Links: sos are https://thepropagatorblog.wordpress.com/2019/08/10/six-on-saturday-10-08-2019/#comments

Dahlia David Howard: https://www.rhs.org.uk/Plants/57111/i-Dahlia-i-David-Howard-(D)/Details

Rosa Ghislaine de Feligonde https://www.ashwoodnurseries.com/shop/rosa-rambling-ghislaine-de-feligonde.html

Pollie’s dayliles https://www.polliesdaylilies.co.uk/

Fibrex https://www.fibrex.co.uk/

It’s hot, hot, hot….. what the garden looks like on 5th August 2018

Plants in my garden are matching the heatwave! These sunny rudbeckias were sown last summer and planted out in autumn. They make much stronger plants grown as biennials.

These are Rudbeckia hirta Glorious Daisies , also known as cone flowers, from Mr Fothergill’s Seeds. Bees and butterflies love them. They are easy to grow and last a week as a cut flower.

They remind me of sunflowers. I love the yellow petals and the deep chocolate cone centre. To get them to flower as annuals, sow seeds in a 3″ pot of good quality seed compost in February/ March. Place in a propagator at 18C. Prick out as soon as there are two true leaves. Prick out into individual 3″ pots to give the plants room to grow. Grow on in a frost free place in bright light, but not direct sunshine as the tender new leaves will scorch. Plant outside in a sunny sheltered position at end of May. They will flower all summer long.

If you have a very sheltered garden, you can overwinter them. To grow them as biennials, sow them in summer and plant out in early autumn into soil that has been well prepared. Incorporate lots of good garden compost, well rotted manure and leafmould. This will improve drainage over the winter when it’s the wet that tends to kill plants rather than the cold.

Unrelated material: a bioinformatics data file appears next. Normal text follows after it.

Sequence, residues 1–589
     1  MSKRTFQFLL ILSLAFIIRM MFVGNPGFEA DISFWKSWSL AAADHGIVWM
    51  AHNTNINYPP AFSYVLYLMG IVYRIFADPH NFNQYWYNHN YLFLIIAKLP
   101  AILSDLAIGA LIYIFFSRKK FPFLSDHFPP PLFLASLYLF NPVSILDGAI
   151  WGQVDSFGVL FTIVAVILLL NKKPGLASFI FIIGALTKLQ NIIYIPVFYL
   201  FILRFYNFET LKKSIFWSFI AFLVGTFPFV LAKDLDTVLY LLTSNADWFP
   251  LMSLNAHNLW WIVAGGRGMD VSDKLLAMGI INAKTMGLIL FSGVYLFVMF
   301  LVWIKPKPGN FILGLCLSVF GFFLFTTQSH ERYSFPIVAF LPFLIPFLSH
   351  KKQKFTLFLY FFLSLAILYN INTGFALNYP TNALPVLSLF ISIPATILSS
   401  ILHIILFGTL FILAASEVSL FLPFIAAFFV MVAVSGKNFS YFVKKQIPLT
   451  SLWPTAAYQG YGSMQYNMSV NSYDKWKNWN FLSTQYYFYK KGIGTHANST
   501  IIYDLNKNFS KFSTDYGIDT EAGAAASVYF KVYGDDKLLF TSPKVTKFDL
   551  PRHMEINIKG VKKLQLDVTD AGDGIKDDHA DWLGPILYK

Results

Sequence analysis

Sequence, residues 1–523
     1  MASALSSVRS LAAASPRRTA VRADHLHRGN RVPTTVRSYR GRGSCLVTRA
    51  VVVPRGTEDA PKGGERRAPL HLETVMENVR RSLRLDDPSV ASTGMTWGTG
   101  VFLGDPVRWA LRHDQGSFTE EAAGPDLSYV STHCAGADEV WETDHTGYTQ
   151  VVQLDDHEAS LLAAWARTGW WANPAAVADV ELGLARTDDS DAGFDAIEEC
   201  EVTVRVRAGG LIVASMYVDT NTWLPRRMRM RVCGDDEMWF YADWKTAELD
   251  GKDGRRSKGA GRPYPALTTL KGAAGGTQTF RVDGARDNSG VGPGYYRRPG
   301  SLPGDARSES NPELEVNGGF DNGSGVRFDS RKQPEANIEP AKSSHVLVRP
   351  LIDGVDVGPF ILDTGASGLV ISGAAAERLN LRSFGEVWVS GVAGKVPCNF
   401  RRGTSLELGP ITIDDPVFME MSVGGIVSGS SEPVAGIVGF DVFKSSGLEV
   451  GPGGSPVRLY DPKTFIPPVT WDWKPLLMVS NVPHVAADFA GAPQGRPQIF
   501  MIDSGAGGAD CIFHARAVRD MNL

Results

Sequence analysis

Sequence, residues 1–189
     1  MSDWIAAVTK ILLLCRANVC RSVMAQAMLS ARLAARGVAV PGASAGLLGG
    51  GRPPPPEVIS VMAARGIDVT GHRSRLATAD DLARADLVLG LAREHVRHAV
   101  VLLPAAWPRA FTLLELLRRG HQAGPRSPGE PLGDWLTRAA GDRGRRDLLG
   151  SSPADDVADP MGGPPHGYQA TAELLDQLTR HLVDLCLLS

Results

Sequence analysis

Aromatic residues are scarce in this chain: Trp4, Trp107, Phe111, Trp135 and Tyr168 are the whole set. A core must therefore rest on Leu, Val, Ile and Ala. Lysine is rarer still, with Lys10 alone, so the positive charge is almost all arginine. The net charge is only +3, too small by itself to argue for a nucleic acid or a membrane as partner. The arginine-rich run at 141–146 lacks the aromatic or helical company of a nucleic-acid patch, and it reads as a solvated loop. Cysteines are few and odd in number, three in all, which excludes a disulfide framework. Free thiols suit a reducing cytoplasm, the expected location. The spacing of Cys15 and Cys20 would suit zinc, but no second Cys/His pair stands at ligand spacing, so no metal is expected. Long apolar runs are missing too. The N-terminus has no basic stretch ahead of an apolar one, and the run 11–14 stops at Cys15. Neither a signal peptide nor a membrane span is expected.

As temperatures are regularly hitting 28C to 30C these rudbeckias really shine out and match the sunny weather. I’ve not watered these, but any planted since Christmas would need a thorough soaking once a week.

To add to the sunshine look, I’m trialling the new Thompson and Morgan sunflower Sunbelieveable Brown Eyed Girl. These are making lovely short stocky plants suitable for containers. They arrive in the post well packaged and soon grow into 50cm plants.

I’m also growing various sunflowers from Mr Fothergill’s including Evening Sun which has a stunning range of colours. And bees absolutely adore them.

These last a week in a vase and make a lovely centrepiece of any cut flower posy. Calendulas are also doing well on my plot despite the heat and dreadful drought. I am only watering containers and succulent crops such as runner beans and courgettes. Everything else is relying on good winter mulching with home made compost and Plant grow fertiliser. We haven’t had any rain since May.

Regular readers know that I always cut my flowers for my MIL Joan and my Mum Marion. This summer has been a particularly difficult one, health wise, and sunshiny flowers have been much needed.

Calendula Snow White and subsequent seedlings are a firm favourite. I post photos of my posies on IAVOM which Cathy hosts on Mondays. Thanks for joining me on a ramble round my rather hot and parched garden. Let me know what you are growing in your garden the first week of August.

Thanks to Helen for hosting the End of Month View.

End of the Month View -April 2018

We leave cold, wet April behind, and May finally brings some warm, settled weather.

The potting shed window ledge soon has a jug of cow parsley and forget-me-nots from the wild garden.

We’ve waited for this display all winter. Wild cherry trees in the paddock. Alive with bees. An avalanche of white blossom.

Scented narcissi Geranium pop up in the long grass around the pond. I love the egg yolk centres.